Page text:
Occipital Neuralgia

A colleague was recently told he had Occipital Neuralgia. It has caused debilitating headaches for him which prompted a visit to his neurologist. Steroid injections were recommended, but he declined for now. Here is more information for our patients. 

Occipital Neuralgia

Occipital neuralgia is a neurological condition in which the occipital nerves — the nerves that run from the top of the spinal cord at the base of the neck up through the scalp — are inflamed or injured. Occipital neuralgia can be confused with a migraine, or other types of headache, because the symptoms can be similar. But occipital neuralgia is a distinct disorder that requires an accurate diagnosis to be treated properly.

Symptoms of Occipital Neuralgia

Occipital neuralgia can cause very intense pain that feels like a sharp, jabbing, electric shock in the back of the head and neck. Other symptoms of occipital neuralgia may include:
  • Aching, burning, and throbbing pain that typically starts at the base of the head and radiates to the scalp
  • Pain on one or both sides of the head
  • Pain behind the eye
  • Sensitivity to light
  • Tender scalp
  • Pain when moving the neck

Causes of Occipital Neuralgia

Occipital neuralgia is the result of compression or irritation of the occipital nerves due to injury, entrapment of the nerves, or inflammation. Many times, no cause is found.
There are many medical conditions that are associated with occipital neuralgia, including:
  • Trauma to the back of the head
  • Neck tension and/or tight neck muscles
  • Osteoarthritis
  • Tumors in the neck
  • Cervical disc disease
  • Infection
  • Gout
  • Diabetes
  • Blood vessel inflammation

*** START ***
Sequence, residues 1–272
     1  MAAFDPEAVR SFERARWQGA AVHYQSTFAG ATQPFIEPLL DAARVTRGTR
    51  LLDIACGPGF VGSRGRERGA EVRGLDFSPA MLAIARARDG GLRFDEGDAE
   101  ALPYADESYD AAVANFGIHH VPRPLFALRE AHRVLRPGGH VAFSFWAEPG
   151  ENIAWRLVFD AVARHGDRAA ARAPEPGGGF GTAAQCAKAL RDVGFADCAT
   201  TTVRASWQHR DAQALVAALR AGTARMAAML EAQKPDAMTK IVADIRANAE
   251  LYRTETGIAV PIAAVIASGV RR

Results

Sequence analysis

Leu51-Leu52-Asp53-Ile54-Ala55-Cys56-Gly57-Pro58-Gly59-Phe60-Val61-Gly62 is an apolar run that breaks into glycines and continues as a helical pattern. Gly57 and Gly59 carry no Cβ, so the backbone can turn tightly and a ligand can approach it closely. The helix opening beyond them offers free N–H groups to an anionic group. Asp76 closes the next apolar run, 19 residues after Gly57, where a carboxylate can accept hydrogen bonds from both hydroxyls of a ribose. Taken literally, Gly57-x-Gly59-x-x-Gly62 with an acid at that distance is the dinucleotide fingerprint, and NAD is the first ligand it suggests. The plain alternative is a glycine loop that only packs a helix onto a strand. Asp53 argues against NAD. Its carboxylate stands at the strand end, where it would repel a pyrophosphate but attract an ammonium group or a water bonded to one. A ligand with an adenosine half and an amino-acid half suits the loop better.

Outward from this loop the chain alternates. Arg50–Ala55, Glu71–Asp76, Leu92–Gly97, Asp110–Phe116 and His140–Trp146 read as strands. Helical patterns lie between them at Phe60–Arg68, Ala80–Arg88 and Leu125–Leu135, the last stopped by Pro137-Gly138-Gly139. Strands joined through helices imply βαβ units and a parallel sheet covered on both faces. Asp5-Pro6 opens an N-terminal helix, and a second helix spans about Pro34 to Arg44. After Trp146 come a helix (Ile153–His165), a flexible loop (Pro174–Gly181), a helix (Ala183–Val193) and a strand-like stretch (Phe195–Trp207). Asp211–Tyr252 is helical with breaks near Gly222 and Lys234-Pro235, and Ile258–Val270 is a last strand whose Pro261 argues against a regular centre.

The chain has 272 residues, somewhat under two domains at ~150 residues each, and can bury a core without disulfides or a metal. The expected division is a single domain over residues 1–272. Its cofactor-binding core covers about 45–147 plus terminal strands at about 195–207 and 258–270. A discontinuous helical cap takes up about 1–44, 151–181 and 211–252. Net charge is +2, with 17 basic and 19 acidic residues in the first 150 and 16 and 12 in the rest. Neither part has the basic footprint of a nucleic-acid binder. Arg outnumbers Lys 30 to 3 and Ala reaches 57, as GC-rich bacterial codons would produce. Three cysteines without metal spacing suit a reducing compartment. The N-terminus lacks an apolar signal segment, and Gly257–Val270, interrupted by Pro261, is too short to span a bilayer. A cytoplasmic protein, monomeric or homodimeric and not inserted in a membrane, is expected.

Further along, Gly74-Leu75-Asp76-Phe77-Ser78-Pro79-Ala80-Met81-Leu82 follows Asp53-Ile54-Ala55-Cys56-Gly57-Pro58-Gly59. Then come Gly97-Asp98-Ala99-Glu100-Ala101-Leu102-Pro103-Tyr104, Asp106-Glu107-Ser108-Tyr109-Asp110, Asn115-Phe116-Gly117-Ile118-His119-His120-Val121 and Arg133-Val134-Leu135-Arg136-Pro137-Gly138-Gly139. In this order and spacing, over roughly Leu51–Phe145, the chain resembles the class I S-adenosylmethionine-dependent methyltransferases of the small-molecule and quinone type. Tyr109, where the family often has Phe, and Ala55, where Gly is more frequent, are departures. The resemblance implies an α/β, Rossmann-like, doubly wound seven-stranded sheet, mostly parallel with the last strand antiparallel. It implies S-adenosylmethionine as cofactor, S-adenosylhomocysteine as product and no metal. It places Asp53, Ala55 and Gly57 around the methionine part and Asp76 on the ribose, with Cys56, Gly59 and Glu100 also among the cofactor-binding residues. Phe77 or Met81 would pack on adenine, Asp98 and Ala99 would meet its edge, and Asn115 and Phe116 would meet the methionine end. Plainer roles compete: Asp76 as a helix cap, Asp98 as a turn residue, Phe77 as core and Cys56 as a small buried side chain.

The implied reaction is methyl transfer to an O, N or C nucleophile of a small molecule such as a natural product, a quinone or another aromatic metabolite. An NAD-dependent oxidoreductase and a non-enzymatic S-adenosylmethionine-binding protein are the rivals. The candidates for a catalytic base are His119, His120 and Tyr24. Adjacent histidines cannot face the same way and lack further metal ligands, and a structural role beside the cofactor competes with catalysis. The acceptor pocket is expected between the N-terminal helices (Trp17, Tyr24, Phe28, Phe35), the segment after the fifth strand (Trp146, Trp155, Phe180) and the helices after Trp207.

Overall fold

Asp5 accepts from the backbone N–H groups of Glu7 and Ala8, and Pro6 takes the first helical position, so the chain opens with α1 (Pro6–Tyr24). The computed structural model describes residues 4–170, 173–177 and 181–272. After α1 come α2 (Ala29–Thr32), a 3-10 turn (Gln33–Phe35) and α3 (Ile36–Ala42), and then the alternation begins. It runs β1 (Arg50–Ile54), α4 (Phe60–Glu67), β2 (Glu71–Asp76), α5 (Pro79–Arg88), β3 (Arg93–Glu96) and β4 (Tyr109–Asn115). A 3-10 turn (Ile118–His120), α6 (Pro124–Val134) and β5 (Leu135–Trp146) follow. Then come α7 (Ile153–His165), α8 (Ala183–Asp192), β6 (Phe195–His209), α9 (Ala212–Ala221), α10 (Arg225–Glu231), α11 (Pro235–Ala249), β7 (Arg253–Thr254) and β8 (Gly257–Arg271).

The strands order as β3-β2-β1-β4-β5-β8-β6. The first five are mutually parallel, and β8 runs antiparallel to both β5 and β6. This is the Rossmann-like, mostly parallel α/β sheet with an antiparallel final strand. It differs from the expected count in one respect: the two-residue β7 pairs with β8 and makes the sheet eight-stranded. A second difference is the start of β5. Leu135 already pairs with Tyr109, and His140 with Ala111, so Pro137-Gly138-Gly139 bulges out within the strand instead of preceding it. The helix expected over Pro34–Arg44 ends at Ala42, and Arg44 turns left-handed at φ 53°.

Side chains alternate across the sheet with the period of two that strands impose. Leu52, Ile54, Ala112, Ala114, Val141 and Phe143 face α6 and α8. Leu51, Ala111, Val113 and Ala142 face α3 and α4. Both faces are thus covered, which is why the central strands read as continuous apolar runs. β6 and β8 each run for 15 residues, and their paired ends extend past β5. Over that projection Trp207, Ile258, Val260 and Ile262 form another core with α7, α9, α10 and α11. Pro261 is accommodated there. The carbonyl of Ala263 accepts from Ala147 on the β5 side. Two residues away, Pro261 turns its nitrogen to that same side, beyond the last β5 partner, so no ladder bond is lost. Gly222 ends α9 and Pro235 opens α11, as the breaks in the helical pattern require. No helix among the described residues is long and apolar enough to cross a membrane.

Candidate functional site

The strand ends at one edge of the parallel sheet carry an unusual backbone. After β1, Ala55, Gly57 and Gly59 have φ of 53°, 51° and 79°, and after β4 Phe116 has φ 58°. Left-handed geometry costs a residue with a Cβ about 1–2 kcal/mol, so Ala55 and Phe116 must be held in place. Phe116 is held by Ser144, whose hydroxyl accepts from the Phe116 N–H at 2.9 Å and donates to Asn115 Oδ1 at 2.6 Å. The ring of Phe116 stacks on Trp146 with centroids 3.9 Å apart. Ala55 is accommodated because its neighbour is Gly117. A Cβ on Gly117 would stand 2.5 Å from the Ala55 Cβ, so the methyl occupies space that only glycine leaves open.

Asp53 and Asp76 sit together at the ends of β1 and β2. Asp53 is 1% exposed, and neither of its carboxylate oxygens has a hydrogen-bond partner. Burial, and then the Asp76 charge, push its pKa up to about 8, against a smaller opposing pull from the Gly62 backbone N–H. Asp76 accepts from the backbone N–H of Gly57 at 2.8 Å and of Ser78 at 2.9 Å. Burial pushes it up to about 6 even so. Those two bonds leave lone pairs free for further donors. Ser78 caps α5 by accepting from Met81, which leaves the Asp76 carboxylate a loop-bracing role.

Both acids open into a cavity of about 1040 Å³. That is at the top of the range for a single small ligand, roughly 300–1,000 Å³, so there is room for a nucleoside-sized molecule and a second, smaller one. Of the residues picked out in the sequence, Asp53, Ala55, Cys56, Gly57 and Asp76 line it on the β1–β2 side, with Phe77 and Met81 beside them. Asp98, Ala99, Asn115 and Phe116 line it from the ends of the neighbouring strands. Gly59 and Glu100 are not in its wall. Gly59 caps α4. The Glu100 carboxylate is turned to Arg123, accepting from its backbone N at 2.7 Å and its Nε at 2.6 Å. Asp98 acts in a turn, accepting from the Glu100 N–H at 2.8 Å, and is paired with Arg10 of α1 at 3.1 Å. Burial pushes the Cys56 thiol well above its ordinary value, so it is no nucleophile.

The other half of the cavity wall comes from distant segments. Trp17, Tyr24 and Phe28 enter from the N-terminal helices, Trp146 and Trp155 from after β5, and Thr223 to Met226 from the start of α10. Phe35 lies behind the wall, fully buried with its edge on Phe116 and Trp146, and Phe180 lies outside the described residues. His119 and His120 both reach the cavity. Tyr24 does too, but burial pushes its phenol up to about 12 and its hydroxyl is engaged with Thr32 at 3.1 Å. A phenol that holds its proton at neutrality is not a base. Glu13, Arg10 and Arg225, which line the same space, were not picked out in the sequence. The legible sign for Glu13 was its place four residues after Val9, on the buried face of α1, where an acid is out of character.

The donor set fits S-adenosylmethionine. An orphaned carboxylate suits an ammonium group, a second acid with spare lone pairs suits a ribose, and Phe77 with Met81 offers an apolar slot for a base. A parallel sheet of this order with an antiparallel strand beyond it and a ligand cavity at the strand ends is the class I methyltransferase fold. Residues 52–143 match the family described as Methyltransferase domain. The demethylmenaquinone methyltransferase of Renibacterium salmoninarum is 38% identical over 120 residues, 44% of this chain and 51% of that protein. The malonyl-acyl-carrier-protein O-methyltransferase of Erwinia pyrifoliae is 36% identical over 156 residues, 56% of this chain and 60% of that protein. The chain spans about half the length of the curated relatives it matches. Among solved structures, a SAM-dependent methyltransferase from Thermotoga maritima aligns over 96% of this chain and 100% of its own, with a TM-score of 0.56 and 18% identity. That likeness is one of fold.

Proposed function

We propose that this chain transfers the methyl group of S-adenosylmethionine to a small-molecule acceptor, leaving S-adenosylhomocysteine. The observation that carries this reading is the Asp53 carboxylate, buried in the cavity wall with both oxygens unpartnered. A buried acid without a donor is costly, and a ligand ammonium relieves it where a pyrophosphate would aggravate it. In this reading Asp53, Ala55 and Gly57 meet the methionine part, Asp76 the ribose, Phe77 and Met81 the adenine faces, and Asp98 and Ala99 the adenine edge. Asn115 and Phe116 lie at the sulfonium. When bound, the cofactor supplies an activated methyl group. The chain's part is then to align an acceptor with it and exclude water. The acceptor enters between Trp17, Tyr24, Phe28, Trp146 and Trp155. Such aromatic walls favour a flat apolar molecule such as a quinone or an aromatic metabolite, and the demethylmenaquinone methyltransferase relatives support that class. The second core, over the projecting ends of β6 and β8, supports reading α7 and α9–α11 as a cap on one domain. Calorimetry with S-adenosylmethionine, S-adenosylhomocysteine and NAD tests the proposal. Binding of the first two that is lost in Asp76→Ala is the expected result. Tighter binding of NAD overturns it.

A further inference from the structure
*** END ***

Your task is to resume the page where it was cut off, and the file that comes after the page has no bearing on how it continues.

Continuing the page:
Diagnosing Occipital Neuralgia

If you think you may have occipital neuralgia, make an appointment with your doctor. Your doctor will ask questions about your medical history and any injuries you may have had, perform a physical exam, and may order certain tests, such as blood tests or an MRI scan. Your doctor may also give you an anesthetic nerve block to see if it relieves the pain. If it works, occipital neuralgia is likely the cause of the pain.
For treatment to work, it is very important that you receive an accurate diagnosis. For example, if you have occipital neuralgia and are prescribed migraine medication, you may not get relief. 

Treatments for Occipital Neuralgia

Treatment depends on what is causing the inflammation or irritation of the occipital nerves. The first course of action is to relieve pain. There are a number of things you can try to get relief, including: 
  • Apply heat to the neck.
  • Rest in a quiet room.
  • Massage tight and painful neck muscles.
  • Take over-the-counter anti-inflammatory drugs, like naproxen (such as Aleve) or ibuprofen (such as Motrin).
If these self-care measures don’t work, your doctor may prescribe the following medications to treat occipital neuralgia pain:
Surgery may be considered if pain does not respond to other treatments or comes back. Surgery may include:
  • Microvascular decompression. During this procedure, your doctor may be able to relieve pain by identifying and adjusting blood vessels that may be compressing the nerve.
  • Occipital nerve stimulation. In this procedure, a neurostimulator is used to deliver electrical impulses to the occipital nerves. These electrical impulses can help block pain messages to the brain.
Occipital neuralgia is not a life-threatening condition. Most people get significant pain relief by resting and taking medication. However, if you do not get relief and continue to experience neck and head discomfort, tell your doctor. There may be another reason for your pain that should be considered.
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